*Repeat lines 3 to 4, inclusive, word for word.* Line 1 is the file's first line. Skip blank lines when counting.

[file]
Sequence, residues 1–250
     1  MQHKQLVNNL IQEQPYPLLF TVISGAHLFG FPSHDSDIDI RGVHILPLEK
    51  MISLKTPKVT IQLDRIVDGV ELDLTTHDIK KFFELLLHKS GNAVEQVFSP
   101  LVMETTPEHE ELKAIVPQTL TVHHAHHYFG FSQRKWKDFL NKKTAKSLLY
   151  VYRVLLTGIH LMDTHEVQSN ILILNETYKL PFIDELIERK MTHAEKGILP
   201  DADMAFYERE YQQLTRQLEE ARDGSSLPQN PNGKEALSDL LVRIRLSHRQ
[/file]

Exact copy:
    51  MISLKTPKVT IQLDRIVDGV ELDLTTHDIK KFFELLLHKS GNAVEQVFSP
   101  LVMETTPEHE ELKAIVPQTL TVHHAHHYFG FSQRKWKDFL NKKTAKSLLY